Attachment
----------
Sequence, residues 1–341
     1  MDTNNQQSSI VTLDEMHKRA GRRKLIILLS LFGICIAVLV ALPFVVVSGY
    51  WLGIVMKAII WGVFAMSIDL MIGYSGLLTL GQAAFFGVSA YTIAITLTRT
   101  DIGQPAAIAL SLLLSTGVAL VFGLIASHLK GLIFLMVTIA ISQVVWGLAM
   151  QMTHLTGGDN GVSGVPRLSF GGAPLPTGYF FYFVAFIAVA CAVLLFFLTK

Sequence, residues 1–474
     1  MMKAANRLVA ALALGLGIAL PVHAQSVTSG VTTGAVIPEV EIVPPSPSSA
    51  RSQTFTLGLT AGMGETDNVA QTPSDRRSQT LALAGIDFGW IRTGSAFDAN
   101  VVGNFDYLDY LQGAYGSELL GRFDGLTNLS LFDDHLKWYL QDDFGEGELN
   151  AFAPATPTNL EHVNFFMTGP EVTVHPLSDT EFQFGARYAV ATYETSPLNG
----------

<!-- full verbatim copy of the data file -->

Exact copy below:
Sequence, residues 1–341
     1  MDTNNQQSSI VTLDEMHKRA GRRKLIILLS LFGICIAVLV ALPFVVVSGY
    51  WLGIVMKAII WGVFAMSIDL MIGYSGLLTL GQAAFFGVSA YTIAITLTRT
   101  DIGQPAAIAL SLLLSTGVAL VFGLIASHLK GLIFLMVTIA ISQVVWGLAM
   151  QMTHLTGGDN GVSGVPRLSF GGAPLPTGYF FYFVAFIAVA CAVLLFFLTK

Sequence, residues 1–474
     1  MMKAANRLVA ALALGLGIAL PVHAQSVTSG VTTGAVIPEV EIVPPSPSSA
    51  RSQTFTLGLT AGMGETDNVA QTPSDRRSQT LALAGIDFGW IRTGSAFDAN
   101  VVGNFDYLDY LQGAYGSELL GRFDGLTNLS LFDDHLKWYL QDDFGEGELN
   151  AFAPATPTNL EHVNFFMTGP EVTVHPLSDT EFQFGARYAV ATYETSPLNG